I was recently reading a blog entry on History is Elementary about the value of telling stories when teaching elementary history. The blogger waxed eloquent about all the reasons stories are didactic gold (they help children analyse political events around them, to realise there is always a story behind the story, and that representations of events or characters are never simple things). But ‘there are many reasons why I love to tell the story’, she concludes, ‘the main one being I’m just compelled to do it’.
Academic historians talk about telling stories as well, of course – especially the historians offering postgraduate instruction about how to publish outside the institution. I’ve been party to plenty of earnest and sometimes agonised discussions about how much the story is acceptable in an academic history, and about how far it may be proper to stray into literary prose. But of course the love of story isn’t enough to drive an academic discussion on its own, and nor should it be either – otherwise just write fiction, why dontcha?
Having said that, I find it hard to be honest with myself about whether I am in fact just a frustrated historical fiction writer. I mean: do I not write fiction because it’s somehow too difficult, or more to the point, because it doesn’t give me grant money? Is the main reason I am in fact interested in story simply because I feel compelled that way?
I remember being affronted when I received a reader’s report on a grant proposal I wrote a while ago, which declared (in the highhanded manner of the genre) that the approach I had taken was purely antiquarian – that all I was evidently interested in was knowledge for its own sake. Being delivered so magisterially, it’s inevitable that such criticism would spark an immediate flare of indignation. Upon more temperate reflection now, I do still think it was overstated. But like all critique that draws a response like that, it had its granule of truth. I am interested in the peculiar oxygen of the past for its own sake. I love the heady feeling I get at moments when it feels as if I’ve breathed the air as it was back then, whenever back then happened to be. Much what I’ve been doing over the past couple of weeks has been searching for talismans like that cockatoo in 1850s Bendigo, something capable of bringing a streetscape or theatre interior into lucid proximity.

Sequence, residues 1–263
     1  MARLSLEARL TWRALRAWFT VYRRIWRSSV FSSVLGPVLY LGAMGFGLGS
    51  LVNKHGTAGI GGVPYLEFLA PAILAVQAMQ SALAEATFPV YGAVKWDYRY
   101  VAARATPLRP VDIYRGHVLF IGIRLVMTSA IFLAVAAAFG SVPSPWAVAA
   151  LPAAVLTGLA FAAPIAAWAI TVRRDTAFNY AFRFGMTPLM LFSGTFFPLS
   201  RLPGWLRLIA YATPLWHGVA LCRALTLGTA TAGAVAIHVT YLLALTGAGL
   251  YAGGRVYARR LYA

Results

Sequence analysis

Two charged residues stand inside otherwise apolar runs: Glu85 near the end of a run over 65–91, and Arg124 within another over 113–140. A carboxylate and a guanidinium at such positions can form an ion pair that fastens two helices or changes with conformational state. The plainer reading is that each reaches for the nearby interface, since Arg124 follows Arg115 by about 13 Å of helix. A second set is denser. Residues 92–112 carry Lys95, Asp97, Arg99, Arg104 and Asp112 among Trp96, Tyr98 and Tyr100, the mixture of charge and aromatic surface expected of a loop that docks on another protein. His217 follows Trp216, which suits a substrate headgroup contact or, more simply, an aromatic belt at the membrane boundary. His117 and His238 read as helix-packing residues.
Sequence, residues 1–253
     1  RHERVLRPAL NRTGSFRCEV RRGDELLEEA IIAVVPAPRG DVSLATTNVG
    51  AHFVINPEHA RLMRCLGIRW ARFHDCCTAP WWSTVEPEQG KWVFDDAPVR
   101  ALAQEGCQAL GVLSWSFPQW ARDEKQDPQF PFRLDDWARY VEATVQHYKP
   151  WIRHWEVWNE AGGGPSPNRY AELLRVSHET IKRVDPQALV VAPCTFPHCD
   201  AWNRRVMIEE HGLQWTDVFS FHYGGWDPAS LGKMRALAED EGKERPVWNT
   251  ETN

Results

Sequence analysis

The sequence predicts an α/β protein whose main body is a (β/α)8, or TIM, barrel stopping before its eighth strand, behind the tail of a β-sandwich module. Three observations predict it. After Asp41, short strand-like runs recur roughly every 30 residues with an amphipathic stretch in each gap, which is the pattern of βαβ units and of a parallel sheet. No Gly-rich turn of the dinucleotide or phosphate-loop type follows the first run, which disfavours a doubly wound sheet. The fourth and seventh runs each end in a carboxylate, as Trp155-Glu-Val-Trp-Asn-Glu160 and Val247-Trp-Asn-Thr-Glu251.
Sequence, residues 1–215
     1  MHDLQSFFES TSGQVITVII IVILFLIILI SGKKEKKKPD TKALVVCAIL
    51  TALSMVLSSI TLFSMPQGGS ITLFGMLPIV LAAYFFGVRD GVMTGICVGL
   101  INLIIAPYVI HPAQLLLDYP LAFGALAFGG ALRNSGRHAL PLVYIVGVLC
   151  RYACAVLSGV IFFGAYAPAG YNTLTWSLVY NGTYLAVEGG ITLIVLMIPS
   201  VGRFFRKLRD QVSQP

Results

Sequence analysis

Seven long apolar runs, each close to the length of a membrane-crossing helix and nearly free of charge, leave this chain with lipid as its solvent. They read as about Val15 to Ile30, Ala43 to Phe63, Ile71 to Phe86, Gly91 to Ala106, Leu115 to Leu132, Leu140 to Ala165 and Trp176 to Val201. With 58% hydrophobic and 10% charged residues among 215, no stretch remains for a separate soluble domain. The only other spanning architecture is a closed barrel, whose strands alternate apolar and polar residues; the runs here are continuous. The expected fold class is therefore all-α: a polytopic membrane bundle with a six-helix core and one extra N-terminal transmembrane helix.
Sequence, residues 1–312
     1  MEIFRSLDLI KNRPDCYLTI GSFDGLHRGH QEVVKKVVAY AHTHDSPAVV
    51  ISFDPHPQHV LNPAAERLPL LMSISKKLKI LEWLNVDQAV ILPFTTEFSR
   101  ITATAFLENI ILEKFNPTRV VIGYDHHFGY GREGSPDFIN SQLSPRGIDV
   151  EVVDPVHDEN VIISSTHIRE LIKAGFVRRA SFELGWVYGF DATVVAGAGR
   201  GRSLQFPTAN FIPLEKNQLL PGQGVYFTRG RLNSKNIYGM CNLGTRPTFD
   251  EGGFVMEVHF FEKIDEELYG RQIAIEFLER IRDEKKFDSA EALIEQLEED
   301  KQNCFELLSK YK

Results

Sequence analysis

But that isn’t all I’m interested in (and nor, might I add, is it all that concerns the historical fiction-writer, either, by and large – check what these writers have to say, for example). Part of this is about my methodology for this project, about which I shall say more in future posts. I want to get into the heads of ordinary people ‘back then’, and part of that is about trying to find moments of imaginative transformation which make that goal feel more possible. The question of why I think the academic historical forum is the best way ultimately to achieve this, however, must form the subject of future reflection.